Truth be told, I purposefully waited taking a 2020 BMW X7 as a press vehicle. Last year, the unit was an xDrive40i however I wanted, nay, needed to sample the twin-turbocharged V8’s awesome power. The 4.4-litre unit is lifted right out of the sublime BMW M850i and produces the same 523-horsepower and 553 lb.-ft. of torque. With its 8-speed automatic transmission and curb weight of over 5,650lb, the X7 M50i launches to 100km/h in only 4.7 seconds. I may have said, in my Mercedes-Benz GLS 450, that the V6 was the right amount of power. I stand by the statement which was echoed in my X5 xDrive40i review but the V8’s more. More of everything.

2020 Mercedes-Benz GLS 450 Review: Big Majestic

Just thinking about the engine’s power and accompanying melody when under load gives me goosebumps. Acceleration is immediate thanks to all the torque being available from 1,800rpm. Despite the numerous drive modes, most of my time behind the wheel was spent in “comfort.” The standard 2-axle adaptive air suspension with variable dampers not only raises and lowers the X7’s driving experience but can be tailored to your driving preferences. Although I favored the comfort drive mode, it is possible to configure a pair of custom modes.

Dynamic Handling To Go

2020 BMW X7 M50i | Photo: Matt St-Pierre

Ultimately however my tested X7 included the most important feature of them all. The optional Dynamic Handling Package, with Integral Active Steering and Active Comfort Drive with Road Preview, made all the difference. Once more, whenever all-wheel steering is available, it must be selected.

With it, the nearly 5.2-meter long BMW X7 is more agile and easier to toss than the X5 I reviewed last year. Steering response is nearly immediate, injecting a serious dose of unexpected confidence when driving such a large truck. Couple this with the truck’s 51/49 weight distribution, fantastically large 22-inch wheels and accompanying tires, and you’ve got yourself a 6-foot tall near 2.5-tonne sports truck. Remember, this is an M50i meaning it has all the “M” go-fast bits as standard.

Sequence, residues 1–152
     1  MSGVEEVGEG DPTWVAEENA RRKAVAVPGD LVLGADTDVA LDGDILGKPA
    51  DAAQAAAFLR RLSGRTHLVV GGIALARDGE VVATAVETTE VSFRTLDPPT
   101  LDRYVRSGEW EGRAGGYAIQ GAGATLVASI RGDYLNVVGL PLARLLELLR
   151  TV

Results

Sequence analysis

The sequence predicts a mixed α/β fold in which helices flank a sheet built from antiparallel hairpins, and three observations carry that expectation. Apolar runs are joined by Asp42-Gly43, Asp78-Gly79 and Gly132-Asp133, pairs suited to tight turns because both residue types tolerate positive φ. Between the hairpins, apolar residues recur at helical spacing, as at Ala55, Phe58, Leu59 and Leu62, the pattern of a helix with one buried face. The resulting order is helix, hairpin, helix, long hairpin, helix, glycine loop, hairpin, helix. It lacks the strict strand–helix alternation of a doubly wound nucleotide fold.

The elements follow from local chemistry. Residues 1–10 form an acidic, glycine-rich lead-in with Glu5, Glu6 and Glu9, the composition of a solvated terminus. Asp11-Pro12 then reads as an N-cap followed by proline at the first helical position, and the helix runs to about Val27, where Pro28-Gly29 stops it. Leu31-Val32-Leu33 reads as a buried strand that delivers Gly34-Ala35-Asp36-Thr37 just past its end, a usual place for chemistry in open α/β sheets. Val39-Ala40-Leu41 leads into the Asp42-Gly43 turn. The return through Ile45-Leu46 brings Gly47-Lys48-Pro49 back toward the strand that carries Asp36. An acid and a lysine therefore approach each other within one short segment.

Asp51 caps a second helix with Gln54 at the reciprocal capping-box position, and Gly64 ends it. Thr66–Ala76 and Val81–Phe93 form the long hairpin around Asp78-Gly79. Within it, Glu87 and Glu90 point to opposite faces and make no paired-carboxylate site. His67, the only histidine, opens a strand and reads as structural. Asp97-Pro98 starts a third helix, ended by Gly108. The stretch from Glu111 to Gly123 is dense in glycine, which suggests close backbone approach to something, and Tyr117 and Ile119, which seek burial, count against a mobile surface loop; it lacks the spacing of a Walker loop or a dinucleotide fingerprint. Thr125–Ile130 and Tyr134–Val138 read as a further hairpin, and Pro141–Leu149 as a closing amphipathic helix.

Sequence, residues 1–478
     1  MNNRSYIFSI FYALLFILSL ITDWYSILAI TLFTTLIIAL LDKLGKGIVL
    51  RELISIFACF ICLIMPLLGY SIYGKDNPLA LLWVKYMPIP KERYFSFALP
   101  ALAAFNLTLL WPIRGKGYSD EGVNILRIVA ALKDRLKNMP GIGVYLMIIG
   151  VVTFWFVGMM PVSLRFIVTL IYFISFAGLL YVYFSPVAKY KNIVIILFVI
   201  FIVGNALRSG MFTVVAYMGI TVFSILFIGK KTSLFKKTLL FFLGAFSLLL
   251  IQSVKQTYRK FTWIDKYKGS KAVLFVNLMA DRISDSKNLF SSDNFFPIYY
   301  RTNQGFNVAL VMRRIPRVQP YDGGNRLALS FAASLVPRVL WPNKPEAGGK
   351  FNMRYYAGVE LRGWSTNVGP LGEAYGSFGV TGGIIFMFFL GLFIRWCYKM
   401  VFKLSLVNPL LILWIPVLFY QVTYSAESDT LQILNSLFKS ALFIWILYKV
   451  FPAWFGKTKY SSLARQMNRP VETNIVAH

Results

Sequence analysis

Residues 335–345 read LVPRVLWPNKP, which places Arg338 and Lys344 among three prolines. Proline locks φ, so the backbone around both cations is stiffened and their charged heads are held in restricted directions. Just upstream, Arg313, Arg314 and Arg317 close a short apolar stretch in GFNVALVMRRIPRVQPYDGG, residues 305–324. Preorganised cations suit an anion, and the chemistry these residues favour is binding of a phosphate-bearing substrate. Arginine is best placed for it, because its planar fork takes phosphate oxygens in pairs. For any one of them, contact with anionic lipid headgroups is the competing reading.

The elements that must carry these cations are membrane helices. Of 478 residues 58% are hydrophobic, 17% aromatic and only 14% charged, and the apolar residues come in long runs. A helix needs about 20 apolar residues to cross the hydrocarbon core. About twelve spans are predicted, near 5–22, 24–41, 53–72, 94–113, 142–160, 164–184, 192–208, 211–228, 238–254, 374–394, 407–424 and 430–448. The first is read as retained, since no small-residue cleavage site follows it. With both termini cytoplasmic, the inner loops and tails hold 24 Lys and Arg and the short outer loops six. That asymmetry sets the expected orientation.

When not exploiting the X7’s abilities, it settles in as one of the most cossetting and cozy large SUVs money can buy. The big Bimmer’s quiet cockpit is nothing short of a cocoon of solace whether driving in town or barreling down the highway.

The Question Is: Why By A 7 Series Sedan?

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There’s but one way to answer the question and that is: For the sake of elegance. If there is one flaw in the X7’s design is that it’s brutish, which is part of its appeal. By contrast, the Mercedes-Benz is far statelier and elegant. Having said that, neither can match a luxury sedan like a 7 Series.

Among 3-row SUVs and this, until we get to review the new Cadillac Escalade, the choice sits squarely between the Benz GLS 450 for its regal posture, or the BMW X7 for its impossibly powerful presence.

2020 BMW X7 M50i | Photo: Matt St-Pierre

2020 BMW X7 M50i | Photo: Matt St-Pierre


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Matt St-Pierre
Trained as an Automotive Technician, Matt has two decades of automotive journalism under his belt. He’s done TV, radio, print and this thing called the internet. He’s an avid collector of many 4-wheeled things, all of them under 1,500 kg, holds a recently expired racing license and is a father of two. Life is beautiful. Send Matt an emai